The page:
Those two quotes actually go together very well. You can cut the inefficiencies of education down to nothing by putting videos of smiling superprofessors on the world’s computer screens, but then you won’t be teaching most people anything. Education is SUPPOSED to be inefficient because it is never (to use another word I picked up from reading Morozov) frictionless. If students can’t stop and ask questions, they won’t know if they really get the material. Worse yet, they might think they get it even if they don’t.
The other thing I kept wondering as I read Morozov discuss different aspects of solutionism is what problem does Coursera think it’s solving? The most obvious example would be the high cost of higher education, but watching videos isn’t education. That’s why we’ve never heard anyone from Coursera or Udacity actually admit that MOOCs are designed to be course replacements. They’re either supposed to help people in lesser-developed countries learn or help poor disadvantaged non-superprofessors get back to their roots and teach down in the trenches mano y mano. I find these arguments incredibly offensive because 1) People in lesser-developed countries deserve face-to-face educations of their own (steeped in the culture of their own nations) and 2) Most of us are teaching mano y mano already. [If I hate MOOCs, why do I have to defend 400-person lecture courses? Can’t I hate both?]
The other Silicon Valley tendency that Morozov covers in great detail is the widespread belief that tech alone can save the world. You know what he means already. It’s the same reason that Bill Gates is so much more dangerous now that he’s not working at Microsoft every day. Through a combination of hubris and already having too much money to know what to do with, everything must be disrupted for the good of humanity. No, humanity will not be consulted because, as that New Yorker quote suggests, the “Internet” isn’t really a democracy. It just feels like one if you have no idea how power is distributed or how it’s actually used.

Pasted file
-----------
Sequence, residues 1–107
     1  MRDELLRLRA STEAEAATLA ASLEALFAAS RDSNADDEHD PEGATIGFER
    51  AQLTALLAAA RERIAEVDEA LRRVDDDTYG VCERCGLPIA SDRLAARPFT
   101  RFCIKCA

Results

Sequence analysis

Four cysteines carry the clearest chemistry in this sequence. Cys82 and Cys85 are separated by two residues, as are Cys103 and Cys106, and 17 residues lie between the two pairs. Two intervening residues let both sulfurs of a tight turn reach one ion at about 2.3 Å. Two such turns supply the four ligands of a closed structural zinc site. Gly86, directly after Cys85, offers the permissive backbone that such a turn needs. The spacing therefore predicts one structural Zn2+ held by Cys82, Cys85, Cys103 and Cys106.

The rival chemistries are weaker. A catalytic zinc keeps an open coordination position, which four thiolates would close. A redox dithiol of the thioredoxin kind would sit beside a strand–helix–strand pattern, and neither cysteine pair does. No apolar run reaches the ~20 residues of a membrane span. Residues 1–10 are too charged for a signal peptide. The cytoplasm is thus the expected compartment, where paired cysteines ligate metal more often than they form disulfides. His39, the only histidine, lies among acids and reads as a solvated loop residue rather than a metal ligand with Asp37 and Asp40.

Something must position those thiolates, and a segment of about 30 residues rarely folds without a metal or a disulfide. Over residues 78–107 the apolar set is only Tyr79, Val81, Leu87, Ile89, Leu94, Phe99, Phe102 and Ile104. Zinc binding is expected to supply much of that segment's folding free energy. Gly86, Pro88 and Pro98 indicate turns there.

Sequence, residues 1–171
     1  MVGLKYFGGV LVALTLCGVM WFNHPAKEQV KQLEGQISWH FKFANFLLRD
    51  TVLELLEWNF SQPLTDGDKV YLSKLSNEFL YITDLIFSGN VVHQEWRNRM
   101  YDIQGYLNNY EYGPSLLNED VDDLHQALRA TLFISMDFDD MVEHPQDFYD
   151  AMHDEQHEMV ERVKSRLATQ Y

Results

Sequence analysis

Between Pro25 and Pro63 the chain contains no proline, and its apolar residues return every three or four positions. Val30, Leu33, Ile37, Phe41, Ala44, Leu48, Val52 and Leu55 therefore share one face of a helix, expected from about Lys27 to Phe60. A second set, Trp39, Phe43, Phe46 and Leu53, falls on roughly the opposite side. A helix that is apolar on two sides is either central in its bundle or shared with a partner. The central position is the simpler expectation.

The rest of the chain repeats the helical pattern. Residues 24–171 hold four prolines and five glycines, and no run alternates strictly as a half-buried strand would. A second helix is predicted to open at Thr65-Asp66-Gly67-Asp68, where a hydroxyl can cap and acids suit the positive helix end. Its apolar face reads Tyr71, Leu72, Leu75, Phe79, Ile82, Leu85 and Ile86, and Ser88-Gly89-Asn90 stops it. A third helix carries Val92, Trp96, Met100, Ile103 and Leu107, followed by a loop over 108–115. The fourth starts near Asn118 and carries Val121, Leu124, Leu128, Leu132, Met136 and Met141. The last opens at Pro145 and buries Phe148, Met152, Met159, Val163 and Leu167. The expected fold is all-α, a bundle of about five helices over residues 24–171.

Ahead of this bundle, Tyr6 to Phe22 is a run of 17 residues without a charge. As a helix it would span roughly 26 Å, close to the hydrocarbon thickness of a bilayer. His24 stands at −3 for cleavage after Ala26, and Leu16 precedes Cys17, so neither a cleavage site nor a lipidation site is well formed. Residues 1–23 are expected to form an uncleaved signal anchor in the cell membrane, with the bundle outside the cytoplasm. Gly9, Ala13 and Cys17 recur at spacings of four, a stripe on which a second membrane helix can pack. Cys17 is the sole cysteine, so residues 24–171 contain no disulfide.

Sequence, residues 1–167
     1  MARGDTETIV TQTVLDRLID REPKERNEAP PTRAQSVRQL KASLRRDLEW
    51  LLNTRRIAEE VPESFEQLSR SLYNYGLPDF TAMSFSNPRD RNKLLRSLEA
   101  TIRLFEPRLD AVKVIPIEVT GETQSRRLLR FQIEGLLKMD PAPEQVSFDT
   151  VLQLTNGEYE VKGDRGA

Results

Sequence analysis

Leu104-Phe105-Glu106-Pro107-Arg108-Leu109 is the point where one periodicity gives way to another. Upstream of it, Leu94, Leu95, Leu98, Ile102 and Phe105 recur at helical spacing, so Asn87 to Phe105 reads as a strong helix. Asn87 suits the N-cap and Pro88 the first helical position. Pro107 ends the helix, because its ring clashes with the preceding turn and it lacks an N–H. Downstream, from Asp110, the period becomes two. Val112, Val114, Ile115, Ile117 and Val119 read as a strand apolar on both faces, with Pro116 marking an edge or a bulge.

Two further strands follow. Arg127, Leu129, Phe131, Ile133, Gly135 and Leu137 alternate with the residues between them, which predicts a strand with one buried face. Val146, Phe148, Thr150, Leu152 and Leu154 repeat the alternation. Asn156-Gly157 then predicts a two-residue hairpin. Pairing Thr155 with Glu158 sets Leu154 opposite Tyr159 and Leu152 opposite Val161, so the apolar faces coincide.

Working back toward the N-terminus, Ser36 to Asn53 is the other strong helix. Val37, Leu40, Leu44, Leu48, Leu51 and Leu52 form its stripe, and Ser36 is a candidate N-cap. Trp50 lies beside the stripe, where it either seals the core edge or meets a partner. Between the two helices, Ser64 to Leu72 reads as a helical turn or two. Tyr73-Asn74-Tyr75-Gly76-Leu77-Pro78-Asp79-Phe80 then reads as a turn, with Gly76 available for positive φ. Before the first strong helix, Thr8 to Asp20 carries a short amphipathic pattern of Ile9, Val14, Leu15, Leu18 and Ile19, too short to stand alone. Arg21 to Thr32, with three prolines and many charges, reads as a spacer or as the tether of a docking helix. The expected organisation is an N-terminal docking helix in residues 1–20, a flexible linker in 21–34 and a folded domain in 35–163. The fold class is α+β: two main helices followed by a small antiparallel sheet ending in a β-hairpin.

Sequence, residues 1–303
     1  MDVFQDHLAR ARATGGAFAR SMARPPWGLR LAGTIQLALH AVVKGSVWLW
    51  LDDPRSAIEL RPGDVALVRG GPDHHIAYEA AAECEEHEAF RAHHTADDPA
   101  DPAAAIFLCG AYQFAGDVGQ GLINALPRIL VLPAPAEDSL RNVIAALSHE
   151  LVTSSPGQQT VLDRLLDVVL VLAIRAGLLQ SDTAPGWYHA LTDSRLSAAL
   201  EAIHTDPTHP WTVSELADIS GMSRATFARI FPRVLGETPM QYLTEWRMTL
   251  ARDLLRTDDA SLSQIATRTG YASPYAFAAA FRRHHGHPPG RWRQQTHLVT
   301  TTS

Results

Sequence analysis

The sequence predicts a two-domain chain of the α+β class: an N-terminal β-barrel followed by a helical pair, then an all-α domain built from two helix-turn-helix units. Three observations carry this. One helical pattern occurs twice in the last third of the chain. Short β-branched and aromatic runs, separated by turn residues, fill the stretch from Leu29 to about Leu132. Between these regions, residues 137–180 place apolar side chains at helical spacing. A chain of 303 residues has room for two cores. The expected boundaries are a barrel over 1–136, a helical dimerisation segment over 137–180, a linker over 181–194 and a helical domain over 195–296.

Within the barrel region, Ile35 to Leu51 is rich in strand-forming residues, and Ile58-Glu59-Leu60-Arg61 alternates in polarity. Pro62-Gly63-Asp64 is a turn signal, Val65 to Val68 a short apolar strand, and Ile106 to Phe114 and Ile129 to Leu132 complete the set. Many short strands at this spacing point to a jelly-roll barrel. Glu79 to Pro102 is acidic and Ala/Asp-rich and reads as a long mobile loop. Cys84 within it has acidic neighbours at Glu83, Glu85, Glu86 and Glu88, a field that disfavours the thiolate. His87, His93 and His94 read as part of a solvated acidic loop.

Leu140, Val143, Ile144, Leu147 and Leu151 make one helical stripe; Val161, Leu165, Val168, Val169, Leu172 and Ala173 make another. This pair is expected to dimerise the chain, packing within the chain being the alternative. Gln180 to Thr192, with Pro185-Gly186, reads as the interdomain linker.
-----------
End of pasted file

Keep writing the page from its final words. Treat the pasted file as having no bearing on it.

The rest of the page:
Let’s go back to my favorite subject in order to make more sense of that argument. Suppose I want to improve higher education. I could build tools to help professors do their jobs better (like Zotero or Diigo or even WordPress) or I could get rid of professors altogether and hope for the best. Why build a better mousetrap when you can kill the cat instead? That way whatever sorry excuse for an education I create solely through technology (namely MOOCs) will look great in comparison to nothing.
People who want to disrupt higher education don’t care one whit about the quality of higher education. They want to disrupt higher education because that’s where the money is. While they will inevitably fail at making higher education better, recent history suggests that this inevitable failure will not prevent a few people from getting very rich at the expense of faculty and students worldwide.